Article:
When customers ask me what the best way to secure their organisations is, my response is just two words: “zero trust”.

This is the increasingly predominant approach to improving cybersecurity maturity that rests on the premise that you can’t trust anything or anyone connected to or accessing your network, applications and devices. Instead, you basically assume your computers are already compromised, that everyone is a risk. You verify everything, all the time.

That’s a shift away from the “trust but verify” approach that long dominated cybersecurity – an approach that assumed that once you were logged in, you were trusted. That approach has become unsustainable in a hyper-connected world of increasingly sophisticated and frequent cyber-attacks.

Zero trust implementations of cybersecurity are still evolving and every day at Datacom, we are helping our customers employ zero trust principles for better cyber resilience. But we have also quite suddenly found ourselves in the era of generative AI.

Photograph of Matthew Evetts, Datacom's Director of Connectivity and Security.
Datacom Director of Connectivity and Security Matthew Evetts: "The field of AI needs to go through the evolution cybersecurity did to get to zero trust, but on an accelerated timeline."

AI and its risks

Services based on large language models (LLMs) from the likes of OpenAI, Microsoft, AWS, Google and Meta are already powering customer service chatbots, writing computer code, and summarising contracts and legal documents. 

But our trust model for AI is incredibly immature. Even OpenAI’s creators of the generative pre-trained transformer (GPT) technology that underpins ChatGPT, the most rapidly adopted technology in history, can’t fully explain the answers it comes up with.

We’ve been told to expect generative AI systems to make and repeat mistakes and occasionally ‘hallucinate’ or generate false information. That doesn’t mean we shouldn’t use these systems - they offer the potential to boost productivity and power compelling new products and services, but we need to come up with methods to ensure we can trust what they produce and protect how we interact with them.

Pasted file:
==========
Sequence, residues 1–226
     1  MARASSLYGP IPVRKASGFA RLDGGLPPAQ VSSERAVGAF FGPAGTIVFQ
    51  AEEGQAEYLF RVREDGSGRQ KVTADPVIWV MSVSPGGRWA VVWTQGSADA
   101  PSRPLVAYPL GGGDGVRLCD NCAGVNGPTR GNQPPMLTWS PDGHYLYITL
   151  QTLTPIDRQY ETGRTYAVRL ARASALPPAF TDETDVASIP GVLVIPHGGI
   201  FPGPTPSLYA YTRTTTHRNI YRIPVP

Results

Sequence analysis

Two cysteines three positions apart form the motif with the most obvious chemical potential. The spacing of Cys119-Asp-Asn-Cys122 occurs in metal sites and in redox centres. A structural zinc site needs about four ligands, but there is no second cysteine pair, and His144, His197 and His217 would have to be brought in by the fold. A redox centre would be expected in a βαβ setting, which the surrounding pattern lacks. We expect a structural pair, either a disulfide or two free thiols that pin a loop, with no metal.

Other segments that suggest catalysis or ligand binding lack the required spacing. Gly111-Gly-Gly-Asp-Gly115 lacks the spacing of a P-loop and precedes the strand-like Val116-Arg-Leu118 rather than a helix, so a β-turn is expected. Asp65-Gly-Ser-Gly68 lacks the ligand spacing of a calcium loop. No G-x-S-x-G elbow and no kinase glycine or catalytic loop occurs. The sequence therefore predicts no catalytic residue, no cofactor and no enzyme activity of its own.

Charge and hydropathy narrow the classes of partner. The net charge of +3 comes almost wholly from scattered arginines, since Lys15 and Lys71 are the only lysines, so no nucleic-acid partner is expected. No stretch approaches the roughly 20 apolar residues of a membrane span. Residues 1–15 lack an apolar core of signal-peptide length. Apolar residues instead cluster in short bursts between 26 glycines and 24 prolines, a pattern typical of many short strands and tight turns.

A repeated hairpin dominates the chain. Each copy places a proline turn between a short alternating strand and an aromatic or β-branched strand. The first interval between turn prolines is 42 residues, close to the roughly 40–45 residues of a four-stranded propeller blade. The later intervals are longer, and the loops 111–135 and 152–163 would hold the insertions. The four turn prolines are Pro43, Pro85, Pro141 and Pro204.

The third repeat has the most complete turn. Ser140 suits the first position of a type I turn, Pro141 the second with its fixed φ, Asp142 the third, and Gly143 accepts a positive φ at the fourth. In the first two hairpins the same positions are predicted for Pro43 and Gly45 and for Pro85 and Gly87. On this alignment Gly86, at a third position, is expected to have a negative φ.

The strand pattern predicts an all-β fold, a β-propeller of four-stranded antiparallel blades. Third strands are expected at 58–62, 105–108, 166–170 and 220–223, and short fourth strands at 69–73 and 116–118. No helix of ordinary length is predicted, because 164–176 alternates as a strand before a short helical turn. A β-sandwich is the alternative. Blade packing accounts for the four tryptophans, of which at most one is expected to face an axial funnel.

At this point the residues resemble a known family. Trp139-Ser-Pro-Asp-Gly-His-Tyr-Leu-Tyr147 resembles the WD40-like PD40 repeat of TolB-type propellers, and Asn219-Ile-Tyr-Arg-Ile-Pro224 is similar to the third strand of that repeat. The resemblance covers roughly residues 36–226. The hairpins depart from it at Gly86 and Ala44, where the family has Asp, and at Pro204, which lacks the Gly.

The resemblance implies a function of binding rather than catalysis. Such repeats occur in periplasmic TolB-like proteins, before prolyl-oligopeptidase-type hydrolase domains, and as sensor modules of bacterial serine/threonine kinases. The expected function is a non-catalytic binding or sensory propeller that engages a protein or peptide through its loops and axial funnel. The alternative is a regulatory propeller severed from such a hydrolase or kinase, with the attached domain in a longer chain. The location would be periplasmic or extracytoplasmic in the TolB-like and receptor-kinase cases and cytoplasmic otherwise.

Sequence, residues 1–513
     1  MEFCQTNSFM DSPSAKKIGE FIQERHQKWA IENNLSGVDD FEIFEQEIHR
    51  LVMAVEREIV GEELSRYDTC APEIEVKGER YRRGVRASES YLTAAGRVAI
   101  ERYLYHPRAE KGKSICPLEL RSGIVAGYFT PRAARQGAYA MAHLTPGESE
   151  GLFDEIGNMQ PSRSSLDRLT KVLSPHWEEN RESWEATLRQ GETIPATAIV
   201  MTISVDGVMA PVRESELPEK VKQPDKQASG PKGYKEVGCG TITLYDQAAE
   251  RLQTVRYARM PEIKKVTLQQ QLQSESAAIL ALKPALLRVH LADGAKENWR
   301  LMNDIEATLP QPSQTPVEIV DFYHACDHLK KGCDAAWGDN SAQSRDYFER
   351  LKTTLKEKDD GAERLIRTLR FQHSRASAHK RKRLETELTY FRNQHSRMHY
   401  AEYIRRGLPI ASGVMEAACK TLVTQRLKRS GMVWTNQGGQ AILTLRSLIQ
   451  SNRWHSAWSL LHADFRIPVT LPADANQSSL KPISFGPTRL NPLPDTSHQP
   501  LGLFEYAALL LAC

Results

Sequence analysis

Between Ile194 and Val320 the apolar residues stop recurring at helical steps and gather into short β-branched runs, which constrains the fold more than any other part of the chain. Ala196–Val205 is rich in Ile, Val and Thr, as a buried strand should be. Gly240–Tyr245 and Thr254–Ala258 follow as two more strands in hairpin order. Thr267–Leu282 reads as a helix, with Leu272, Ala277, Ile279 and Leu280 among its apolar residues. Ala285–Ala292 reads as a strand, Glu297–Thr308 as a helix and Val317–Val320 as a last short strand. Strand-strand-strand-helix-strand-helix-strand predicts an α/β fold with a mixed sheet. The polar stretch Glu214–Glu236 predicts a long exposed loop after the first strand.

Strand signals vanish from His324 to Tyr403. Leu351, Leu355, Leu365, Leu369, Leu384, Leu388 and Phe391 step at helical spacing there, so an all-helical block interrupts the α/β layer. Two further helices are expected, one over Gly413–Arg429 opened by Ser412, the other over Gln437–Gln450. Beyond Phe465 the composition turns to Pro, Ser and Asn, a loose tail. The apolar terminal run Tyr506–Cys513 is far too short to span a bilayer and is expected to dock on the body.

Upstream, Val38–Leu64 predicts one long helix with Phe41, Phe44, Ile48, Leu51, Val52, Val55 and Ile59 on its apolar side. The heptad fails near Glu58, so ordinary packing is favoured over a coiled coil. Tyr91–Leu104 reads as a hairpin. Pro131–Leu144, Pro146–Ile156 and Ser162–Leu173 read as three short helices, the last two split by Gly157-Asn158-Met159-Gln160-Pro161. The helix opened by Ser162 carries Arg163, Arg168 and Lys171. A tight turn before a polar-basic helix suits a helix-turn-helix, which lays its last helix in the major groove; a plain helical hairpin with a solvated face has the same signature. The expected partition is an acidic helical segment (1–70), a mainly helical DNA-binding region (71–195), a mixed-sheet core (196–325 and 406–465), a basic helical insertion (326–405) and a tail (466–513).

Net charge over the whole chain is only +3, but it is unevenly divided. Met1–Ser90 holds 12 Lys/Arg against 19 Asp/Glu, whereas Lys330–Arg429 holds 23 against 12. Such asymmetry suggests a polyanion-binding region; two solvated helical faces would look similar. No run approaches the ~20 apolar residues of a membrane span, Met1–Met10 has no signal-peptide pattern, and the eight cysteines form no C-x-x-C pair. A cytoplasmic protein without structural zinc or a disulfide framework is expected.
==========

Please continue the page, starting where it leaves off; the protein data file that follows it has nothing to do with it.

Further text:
The field of AI needs to go through the evolution cybersecurity did to get to zero trust, but on an accelerated timeline. If the zero trust triangle in cybersecurity rests on verifying devices, users, and applications (all actions and actors), when it comes to AI systems, it’s about input data, outputs, and the users and machines who access the outputs.

The best AI minds in the world have developed these incredible LLMs and transformer technologies. But AI is fundamentally still about data stewardship. It’s about being very clear that you understand the data you are feeding into an AI system and how appropriate its application is for the intended use case. Determining who should have access to that data and to the outputs being generated from it is also an essential consideration.

There’s a fairly good understanding in the business community that feeding proprietary and sensitive data into AI systems like ChatGPT is a bad idea - it will be shared with the underlying model potentially exposing sensitive data in the results served up to other users.